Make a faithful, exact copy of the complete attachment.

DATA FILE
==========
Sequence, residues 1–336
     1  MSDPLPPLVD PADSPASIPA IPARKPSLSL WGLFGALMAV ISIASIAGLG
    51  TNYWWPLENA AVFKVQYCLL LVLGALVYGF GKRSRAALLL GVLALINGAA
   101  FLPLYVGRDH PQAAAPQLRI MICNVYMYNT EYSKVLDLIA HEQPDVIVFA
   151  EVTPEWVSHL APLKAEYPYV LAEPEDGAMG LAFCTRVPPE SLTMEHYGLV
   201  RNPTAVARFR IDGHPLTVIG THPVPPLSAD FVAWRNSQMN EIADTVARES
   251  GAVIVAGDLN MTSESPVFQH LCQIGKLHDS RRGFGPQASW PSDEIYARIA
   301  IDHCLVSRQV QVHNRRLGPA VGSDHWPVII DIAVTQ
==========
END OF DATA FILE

Sequence, residues 1–336
     1  MSDPLPPLVD PADSPASIPA IPARKPSLSL WGLFGALMAV ISIASIAGLG
    51  TNYWWPLENA AVFKVQYCLL LVLGALVYGF GKRSRAALLL GVLALINGAA
   101  FLPLYVGRDH PQAAAPQLRI MICNVYMYNT EYSKVLDLIA HEQPDVIVFA
   151  EVTPEWVSHL APLKAEYPYV LAEPEDGAMG LAFCTRVPPE SLTMEHYGLV
   201  RNPTAVARFR IDGHPLTVIG THPVPPLSAD FVAWRNSQMN EIADTVARES
   251  GAVIVAGDLN MTSESPVFQH LCQIGKLHDS RRGFGPQASW PSDEIYARIA
   301  IDHCLVSRQV QVHNRRLGPA VGSDHWPVII DIAVTQ